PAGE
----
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whole class reading impossible

Discussion in 'Behaviour' started by tonymars, Mar 18, 2019.

  1. tonymars

    tonymars Occasional commenter

    I am a medium term English supply teacher.

    With one Year 7 class I am finding it hard to complete any whole class reading. For the last few lesson I have tried, and failed, to even read a few paragraphs of short stories with the class due to continual (low level) disruption/ silliness. I have therefore told the class to read to themselves (silently) and complete the worksheet tasks I had supplied. Unsurprisingly, few did this and most simply chatted. I have made clear that students can actually learn by doing these activities and have in the past had several students removed. Some are starting to complain that I "am not teaching them," although when previously asked whether they preferred this opportunity to take the learning opportunities themselves, with little input from myself, the vast majority said yes.

    It is hard to identify ringleaders, but one girl who read a bit today in such quiet a voice that no one could hear, later, when I took over the reading, constantly interrupted me.

    This is a school where, generally, the kids are on the side of learning and respecting teachers, but , apart from having trouble makers removed, there seems to be little other support - there is never, for example, any SLT etc in the corridors.

    I am only in this school for until the Easter break, but I am experienced and have taught in much tougher schools, and I would like to know where I am going wrong. I asked the HOY to look in today but his didn't happen.

    Is there anything wrong with directing a class to read a text themselves? Any advice would be very welcome.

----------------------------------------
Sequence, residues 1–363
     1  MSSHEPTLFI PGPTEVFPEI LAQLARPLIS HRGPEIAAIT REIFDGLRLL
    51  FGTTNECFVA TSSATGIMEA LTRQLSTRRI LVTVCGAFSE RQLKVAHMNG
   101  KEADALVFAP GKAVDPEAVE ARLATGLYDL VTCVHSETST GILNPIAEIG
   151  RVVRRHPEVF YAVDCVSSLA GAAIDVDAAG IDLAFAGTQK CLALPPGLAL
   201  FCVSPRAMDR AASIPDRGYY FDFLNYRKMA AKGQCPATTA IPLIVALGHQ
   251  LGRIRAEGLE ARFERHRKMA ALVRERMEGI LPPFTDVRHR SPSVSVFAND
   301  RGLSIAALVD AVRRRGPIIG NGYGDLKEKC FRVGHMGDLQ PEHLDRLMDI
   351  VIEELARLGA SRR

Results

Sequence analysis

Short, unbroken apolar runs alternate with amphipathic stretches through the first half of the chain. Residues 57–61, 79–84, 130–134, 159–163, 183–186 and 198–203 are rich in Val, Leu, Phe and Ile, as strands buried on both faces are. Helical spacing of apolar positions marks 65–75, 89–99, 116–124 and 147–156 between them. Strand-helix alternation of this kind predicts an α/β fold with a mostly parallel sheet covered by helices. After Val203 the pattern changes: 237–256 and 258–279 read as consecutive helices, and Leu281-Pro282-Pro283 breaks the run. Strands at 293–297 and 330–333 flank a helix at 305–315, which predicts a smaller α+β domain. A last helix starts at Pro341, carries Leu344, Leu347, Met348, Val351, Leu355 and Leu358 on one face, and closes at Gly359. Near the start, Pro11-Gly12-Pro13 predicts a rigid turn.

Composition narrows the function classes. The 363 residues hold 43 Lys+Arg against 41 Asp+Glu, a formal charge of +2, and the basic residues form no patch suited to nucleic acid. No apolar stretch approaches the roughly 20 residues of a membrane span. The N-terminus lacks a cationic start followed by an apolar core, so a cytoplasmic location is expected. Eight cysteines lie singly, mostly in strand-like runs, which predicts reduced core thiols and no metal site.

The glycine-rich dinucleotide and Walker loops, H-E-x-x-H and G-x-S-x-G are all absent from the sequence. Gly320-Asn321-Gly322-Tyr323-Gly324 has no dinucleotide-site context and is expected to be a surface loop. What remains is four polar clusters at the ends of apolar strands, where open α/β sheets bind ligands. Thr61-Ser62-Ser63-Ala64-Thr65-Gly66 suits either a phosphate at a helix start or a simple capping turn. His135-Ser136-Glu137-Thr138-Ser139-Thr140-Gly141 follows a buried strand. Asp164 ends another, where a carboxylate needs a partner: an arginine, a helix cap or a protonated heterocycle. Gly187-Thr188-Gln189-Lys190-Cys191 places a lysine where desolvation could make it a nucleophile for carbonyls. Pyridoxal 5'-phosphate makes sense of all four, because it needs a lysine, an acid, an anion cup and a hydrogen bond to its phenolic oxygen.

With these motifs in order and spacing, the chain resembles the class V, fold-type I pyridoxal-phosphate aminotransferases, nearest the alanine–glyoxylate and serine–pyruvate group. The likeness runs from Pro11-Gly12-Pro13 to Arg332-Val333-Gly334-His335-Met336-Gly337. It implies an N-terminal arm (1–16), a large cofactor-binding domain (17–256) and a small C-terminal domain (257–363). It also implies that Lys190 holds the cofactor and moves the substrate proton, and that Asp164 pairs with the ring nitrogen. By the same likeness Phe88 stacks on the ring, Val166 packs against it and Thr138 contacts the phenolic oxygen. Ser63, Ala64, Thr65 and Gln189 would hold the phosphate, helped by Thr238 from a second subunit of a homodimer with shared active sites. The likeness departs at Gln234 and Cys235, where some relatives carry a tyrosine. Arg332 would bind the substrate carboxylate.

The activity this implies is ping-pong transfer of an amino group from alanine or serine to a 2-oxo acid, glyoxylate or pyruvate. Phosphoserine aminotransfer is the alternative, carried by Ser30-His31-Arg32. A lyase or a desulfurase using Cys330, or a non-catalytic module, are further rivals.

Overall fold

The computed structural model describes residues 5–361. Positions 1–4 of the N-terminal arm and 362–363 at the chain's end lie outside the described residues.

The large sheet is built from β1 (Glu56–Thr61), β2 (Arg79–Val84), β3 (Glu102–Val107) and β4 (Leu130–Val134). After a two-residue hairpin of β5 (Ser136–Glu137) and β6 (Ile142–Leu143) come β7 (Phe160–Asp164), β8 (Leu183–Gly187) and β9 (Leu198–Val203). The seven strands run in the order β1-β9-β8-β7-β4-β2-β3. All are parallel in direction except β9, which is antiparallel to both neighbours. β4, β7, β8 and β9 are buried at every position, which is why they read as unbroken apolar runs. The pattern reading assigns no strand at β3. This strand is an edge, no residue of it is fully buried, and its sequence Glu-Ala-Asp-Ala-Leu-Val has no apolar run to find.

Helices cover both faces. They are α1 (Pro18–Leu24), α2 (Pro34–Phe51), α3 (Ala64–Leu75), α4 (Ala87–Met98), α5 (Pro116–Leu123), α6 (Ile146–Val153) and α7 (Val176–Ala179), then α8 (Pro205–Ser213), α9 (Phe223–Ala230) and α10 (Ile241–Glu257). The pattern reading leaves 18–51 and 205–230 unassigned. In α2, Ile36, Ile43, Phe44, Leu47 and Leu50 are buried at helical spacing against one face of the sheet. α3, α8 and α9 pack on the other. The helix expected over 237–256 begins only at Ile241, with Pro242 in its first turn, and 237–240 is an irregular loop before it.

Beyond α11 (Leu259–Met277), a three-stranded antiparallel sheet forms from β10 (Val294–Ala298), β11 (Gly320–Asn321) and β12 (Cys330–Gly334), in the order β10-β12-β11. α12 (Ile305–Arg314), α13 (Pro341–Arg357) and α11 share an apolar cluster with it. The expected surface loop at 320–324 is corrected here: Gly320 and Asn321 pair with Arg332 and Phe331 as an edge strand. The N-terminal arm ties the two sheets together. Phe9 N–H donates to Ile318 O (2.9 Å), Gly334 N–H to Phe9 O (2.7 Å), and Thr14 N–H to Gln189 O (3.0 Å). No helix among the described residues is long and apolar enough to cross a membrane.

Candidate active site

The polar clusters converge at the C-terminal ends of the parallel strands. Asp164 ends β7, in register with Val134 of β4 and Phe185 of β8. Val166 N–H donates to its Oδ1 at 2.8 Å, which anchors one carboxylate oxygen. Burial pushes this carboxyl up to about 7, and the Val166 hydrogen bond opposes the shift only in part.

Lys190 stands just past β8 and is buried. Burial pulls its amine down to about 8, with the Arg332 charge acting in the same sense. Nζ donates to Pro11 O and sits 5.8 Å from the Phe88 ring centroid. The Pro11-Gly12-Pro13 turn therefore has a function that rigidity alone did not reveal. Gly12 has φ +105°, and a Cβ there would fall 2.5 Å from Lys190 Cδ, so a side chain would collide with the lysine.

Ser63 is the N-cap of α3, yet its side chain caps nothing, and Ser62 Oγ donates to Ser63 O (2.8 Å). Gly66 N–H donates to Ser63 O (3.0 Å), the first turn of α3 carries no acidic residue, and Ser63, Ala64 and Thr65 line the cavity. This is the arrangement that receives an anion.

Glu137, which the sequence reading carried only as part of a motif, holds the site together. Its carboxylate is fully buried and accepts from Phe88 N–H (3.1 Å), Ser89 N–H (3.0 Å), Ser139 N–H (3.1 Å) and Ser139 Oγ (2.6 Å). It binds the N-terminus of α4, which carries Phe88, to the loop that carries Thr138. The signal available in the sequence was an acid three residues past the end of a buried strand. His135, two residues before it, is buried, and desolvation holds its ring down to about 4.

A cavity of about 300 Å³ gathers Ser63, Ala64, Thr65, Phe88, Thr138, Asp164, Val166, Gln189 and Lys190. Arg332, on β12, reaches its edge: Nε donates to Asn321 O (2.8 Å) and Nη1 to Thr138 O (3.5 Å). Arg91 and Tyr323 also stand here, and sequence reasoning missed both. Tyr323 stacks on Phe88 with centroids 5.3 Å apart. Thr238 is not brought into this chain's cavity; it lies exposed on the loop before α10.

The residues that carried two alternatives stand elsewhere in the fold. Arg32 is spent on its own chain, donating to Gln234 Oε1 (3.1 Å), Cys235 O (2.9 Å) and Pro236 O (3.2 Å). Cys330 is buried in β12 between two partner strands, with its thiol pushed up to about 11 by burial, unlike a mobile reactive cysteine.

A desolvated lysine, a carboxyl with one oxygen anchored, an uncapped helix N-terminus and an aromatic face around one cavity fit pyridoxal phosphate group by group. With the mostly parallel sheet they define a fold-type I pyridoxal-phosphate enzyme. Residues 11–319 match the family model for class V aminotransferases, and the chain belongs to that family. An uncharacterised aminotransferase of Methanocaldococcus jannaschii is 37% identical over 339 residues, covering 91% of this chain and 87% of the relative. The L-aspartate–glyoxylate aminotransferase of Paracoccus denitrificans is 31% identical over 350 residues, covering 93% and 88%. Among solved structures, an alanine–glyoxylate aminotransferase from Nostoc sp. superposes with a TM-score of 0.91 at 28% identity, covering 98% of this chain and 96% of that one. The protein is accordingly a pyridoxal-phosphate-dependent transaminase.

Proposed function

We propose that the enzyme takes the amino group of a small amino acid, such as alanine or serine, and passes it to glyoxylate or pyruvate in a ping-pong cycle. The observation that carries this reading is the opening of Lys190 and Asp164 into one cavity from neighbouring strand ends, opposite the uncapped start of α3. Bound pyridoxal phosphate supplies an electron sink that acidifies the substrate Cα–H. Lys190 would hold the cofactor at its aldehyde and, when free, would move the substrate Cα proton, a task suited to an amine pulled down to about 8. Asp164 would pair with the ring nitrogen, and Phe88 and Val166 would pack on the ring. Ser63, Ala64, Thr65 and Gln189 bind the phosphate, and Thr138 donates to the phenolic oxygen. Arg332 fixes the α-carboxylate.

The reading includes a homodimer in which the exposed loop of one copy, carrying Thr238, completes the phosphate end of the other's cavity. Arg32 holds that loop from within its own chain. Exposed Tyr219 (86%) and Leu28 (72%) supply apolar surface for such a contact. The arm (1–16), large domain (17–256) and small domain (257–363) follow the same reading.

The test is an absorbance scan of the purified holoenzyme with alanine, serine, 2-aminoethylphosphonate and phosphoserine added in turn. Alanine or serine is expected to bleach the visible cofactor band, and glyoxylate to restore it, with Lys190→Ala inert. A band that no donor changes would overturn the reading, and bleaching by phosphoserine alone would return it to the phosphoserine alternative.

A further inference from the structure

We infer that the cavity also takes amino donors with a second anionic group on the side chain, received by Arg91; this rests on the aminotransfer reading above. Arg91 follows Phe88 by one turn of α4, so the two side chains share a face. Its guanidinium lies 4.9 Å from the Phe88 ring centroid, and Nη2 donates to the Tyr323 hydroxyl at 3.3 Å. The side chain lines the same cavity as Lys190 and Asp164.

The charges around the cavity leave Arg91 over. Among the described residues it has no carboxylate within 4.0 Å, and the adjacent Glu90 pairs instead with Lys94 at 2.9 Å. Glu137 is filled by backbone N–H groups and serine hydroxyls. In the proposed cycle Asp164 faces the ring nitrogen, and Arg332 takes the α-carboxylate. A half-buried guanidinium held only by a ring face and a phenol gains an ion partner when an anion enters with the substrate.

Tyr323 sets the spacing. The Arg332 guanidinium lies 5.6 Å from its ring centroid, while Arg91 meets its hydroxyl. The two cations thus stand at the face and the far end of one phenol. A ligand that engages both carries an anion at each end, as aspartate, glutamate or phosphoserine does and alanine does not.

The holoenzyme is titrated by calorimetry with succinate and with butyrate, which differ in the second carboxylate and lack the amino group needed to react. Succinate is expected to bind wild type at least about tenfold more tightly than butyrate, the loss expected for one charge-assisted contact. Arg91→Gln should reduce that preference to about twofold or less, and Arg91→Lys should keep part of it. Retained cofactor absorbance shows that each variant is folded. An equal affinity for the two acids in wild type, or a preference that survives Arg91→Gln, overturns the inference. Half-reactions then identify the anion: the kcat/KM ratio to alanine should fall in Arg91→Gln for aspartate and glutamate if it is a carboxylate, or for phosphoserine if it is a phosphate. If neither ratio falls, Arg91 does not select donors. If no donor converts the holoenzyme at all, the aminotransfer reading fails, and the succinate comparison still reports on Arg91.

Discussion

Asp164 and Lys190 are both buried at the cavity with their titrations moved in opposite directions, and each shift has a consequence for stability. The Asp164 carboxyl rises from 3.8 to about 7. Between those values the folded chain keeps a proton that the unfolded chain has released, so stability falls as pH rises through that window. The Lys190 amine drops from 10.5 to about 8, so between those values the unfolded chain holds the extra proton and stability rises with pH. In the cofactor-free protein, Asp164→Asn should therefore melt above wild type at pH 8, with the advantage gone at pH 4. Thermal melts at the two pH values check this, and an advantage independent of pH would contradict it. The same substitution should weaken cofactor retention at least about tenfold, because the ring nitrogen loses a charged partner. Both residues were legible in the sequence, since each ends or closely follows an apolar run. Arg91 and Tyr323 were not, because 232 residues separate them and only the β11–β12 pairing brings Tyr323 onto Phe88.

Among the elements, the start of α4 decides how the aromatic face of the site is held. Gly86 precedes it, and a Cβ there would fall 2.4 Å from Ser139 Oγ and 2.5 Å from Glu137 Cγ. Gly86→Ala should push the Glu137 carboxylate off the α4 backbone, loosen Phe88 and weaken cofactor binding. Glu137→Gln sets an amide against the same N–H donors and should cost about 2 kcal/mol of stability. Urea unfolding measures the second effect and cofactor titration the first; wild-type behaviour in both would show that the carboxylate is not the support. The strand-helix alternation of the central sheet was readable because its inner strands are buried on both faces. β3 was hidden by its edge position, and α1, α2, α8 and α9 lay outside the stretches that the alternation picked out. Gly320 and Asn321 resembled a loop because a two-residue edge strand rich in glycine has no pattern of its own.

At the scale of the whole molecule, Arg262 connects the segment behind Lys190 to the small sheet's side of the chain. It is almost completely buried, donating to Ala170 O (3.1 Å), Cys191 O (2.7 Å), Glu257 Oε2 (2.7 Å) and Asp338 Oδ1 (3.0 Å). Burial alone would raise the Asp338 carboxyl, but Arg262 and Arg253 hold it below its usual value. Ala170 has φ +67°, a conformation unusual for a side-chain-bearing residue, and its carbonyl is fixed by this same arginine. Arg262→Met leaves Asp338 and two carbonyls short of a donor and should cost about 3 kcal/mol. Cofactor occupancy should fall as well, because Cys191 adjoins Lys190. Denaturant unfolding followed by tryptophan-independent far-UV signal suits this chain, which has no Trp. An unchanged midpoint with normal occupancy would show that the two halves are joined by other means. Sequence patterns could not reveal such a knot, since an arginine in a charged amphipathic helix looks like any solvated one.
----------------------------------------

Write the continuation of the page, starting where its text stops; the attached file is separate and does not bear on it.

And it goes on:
pepper5 likes this.
  2. sarah_dann1

    sarah_dann1 Occasional commenter TES Behaviour peer advisor

    Hello, I'm also an English teacher and know that this can be a real issue. Class reading presents many issues:
    - if you read, your eyes are down which makes it tricky to eyeball trouble makers/identify problems
    - kids read at different paces
    - kids refuse to read/read too quietly/with no intonation
    - some skip ahead whilst others don't bother at all
    - frequent stops interrupts the text

    Then at the end of a battle, no-one seems to have understood the text!

    Keep tough on making the reading happen. It's harder with no support (follow up on the no show from the HOY) but not impossible. Where the timetable allows, keep them in at break and lunch until the task has been completed satisfactorily. Amazing how silent they will be once the bell has gone.

    In general, I think it is preferable to read together. A handful of students will be able and motivated enough to read and comprehend it themselves, but the majority will not.

    Although, I think most students enjoy the text better when the teacher reads it well, many kids will switch off. So, I have had success with getting the students to read one sentence each. Snake around the room in a clear pattern and begin by expecting every student to participate. Most will. It's just a single sentence. Be aware of any serious issues with stammering/dyslexia etc but I have found that almost all students are willing to tackle a single sentence at a time. It forces all students to follow along and others to keep them on track because it's annoying if they are the one that loses the flow. It also raises some good discussions punctuation and what constitutes a sentence.

    You could time them/make it a competition not to lose the place/offer some sort of reward (like choose a song to play at the end of the class) for successful rounds of reading.
     
    pepper5 likes this.
  3. tonymars

    tonymars Occasional commenter

    Thanks for all your many replies. Well, I guess I'm f***** then.
     
    pepper5 likes this.
  4. frustum

    frustum Star commenter

    A more grateful response to Sarah might have encouraged others to chip in...
     
    bea35 and pepper5 like this.

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